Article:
Valorien From United States of America, joined Apr 2011, 52 posts, RR: 0 Posted (2 years 4 months 3 weeks 5 days 6 hours ago) and read 2079 times:
A coworker and I were discussing the recent airline mergers and acquisitions and were at disagreement about what they actually were.
For example, I argued that the Delta-Northwest consolidation was a merger and he argued that it was an acquisition (Delta purchased Northwest).
When trying to find the answer on "Google" were both able to produce news stories that said "Delta purchases Northwest" and "Delta merges with Northwest". We also "googled" the Southwest-AirTran consolidation (we were both in agreement that this was an acquisition) and also found articles referring to it as the "Southwest-AirTran Merger".
Is the news media wrong or do we not know what we're talking about?
Roseflyer From United States of America, joined Feb 2004, 9489 posts, RR: 52
Reply 1, posted (2 years 4 months 3 weeks 5 days 6 hours ago) and read 2022 times:
The concept is very gray. It isn't clear at all anymore. It really depends on what definition you are going to use.
In most economics circles, mergers are not very common. A merger results in the cancellation of both company stocks and creation of a new stock.
Very rarely does that happen. United and Continental did not merge in that sense because United acquired Continental based on the fact that the UAL stock continued to be traded and the CAL stock was exchanged for shares in UAL.
If you have never designed an airplane part before, let the real designers do the work!
packcheer From United States of America, joined Nov 2008, 326 posts, RR: 0
Reply 2, posted (2 years 4 months 3 weeks 5 days 5 hours ago) and read 1929 times:
By the same token, in most operations circles, current airline situations are almost always mergers.
Acquisitions, in Airlines, in my opinion really only happen during bankruptcy. Think about AA purchasing TWA, and selling large parts of the fleet, etc. If AA had truely been interested in "merging" they certainly could have found great uses for some of the TWA aircraft they sold.
The management and operations staff from one organization are merging with the other organization, and in most cases, you emerge with the benefits of both organizations that help overcome the shortfalls of either of the single organizations.
This is very subjective of course, DL fans will argue the DL - NWA situation was GREAT, while NW fans will argue it was terrible... but that seems to be the case with most mergers/acquisitions.
robsaw From Canada, joined Dec 2008, 232 posts, RR: 0
Reply 3, posted (2 years 4 months 3 weeks 5 days 2 hours ago) and read 1635 times:
The distinction is fuzzy and the definition varies depending upon whether the discussion is about:
1. The legal definition (from corporate and tax law perspectives, which may not always be the same thing)
2. The business objective
3. The PR objective
ktrick45 From United States of America, joined Mar 2008, 69 posts, RR: 0
Reply 5, posted (2 years 4 months 3 weeks 4 days 21 hours ago) and read 1348 times:
Pretty much what everyone above said. By the economics/business textbook definition:
A merger is when one company, the merging partner, issues an ownership interest in that company to the owners of the second company, the merged partner. The first company continues to exist under its original articles of incorporation, and the second becomes a wholly owned property of the first, and may be dissolved or kept as a subsidiary as the first company, now with the additional ownership of the owners of the second, wishes. That's what Delta and Northwest did. Delta issued Delta stock to the shareholders of Northwest. The former owners of Northwest are now among the owners of Delta. Delta continues to exist under its original articles of incorporation. Northwest is... I'm not sure if Delta dissolved it, or continues to keep it in their corporate structure as a subsidiary. It's also what America West and US Airways did, but with a twist. HP was the merging partner and US was the merged partner, but at the same time, HP changed their name to US Airways, which they could do since they owned the name as part of the merger. Nonetheless, the US that exists today exists under the America West corporate charter, and former US shareholders are now shareholders in the company.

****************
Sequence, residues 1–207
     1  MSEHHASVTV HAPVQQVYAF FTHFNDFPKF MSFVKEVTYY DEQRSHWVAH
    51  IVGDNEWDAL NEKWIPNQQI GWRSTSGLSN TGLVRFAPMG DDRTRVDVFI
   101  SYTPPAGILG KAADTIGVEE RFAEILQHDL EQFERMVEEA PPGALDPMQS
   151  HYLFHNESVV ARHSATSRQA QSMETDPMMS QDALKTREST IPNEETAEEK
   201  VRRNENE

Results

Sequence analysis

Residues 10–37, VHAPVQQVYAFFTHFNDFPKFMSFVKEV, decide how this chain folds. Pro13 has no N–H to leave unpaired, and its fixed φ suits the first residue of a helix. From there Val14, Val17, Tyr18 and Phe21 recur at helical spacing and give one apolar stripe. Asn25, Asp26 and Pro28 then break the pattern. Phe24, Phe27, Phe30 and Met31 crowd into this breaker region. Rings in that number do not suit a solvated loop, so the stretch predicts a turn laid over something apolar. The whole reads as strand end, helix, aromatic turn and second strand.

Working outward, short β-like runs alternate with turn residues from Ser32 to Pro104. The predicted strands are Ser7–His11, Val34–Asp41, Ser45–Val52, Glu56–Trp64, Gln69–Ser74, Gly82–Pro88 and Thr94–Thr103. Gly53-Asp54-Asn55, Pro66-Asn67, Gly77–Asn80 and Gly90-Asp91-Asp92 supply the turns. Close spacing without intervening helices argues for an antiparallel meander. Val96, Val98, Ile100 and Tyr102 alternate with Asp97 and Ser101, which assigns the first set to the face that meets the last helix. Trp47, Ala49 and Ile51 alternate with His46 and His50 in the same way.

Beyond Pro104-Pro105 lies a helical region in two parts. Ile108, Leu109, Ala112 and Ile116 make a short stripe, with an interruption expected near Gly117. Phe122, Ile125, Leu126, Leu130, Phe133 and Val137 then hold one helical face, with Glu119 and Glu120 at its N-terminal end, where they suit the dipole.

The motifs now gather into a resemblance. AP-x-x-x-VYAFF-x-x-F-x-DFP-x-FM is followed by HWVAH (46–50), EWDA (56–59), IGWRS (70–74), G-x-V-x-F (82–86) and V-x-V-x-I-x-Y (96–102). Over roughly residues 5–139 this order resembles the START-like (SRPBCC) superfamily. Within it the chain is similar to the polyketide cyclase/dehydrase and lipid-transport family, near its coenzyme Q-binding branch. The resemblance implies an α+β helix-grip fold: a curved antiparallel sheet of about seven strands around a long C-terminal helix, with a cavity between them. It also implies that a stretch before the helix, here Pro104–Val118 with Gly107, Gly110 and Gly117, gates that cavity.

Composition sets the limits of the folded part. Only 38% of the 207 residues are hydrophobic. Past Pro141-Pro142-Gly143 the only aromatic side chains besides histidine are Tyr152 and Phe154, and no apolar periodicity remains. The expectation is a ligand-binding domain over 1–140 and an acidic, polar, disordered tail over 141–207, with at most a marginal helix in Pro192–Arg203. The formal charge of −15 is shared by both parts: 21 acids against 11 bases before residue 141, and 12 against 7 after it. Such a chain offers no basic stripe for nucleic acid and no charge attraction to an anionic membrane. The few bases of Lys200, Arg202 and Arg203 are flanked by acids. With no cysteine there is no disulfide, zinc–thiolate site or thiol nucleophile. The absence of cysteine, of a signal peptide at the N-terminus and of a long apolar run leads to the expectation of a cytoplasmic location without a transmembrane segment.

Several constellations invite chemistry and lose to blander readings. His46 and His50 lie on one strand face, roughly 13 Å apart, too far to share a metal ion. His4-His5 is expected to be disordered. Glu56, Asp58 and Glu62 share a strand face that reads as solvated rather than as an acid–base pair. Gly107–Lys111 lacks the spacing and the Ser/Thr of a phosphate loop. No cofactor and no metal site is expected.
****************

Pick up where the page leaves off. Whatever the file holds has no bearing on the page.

A consolidation is when the shareholders of two or more companies create a new company under new articles of incorporation and a new corporate charter, and transfer the assets and liabilities of both (or all) previous companies to the new one. The new, consolidated company now exists, and the older ones are either dissolved or kept as subsidiaries of the new one. That's pretty rare these days, because it's lawyer-intensive, and therefore more expensive.
An acquisition, colloquially called a buy-out, is when one company offers cash or something of value other than an ownership interest in the company for the assets and liabilities of another company. The first company continues to exist. The second company is dissolved or becomes a subsidiary. The previous owners of the second company have no ownership in the remaining company. They are literally bought out.
An asset acquisition is when one company offers cash or something of value other than an ownership interest for all or some of the assets of a second company. Both companies continue to exist, but the assets transfered now belong solely to the first company. This is what AA did with TW. TW was being liquidated, and the value of the assets were used to pay off the remaining debtors.
There are other permutations, too, but those are the ones that happen most with airlines.
Again, these are economics textbook definitions. In common speech, the distinctions are not always made.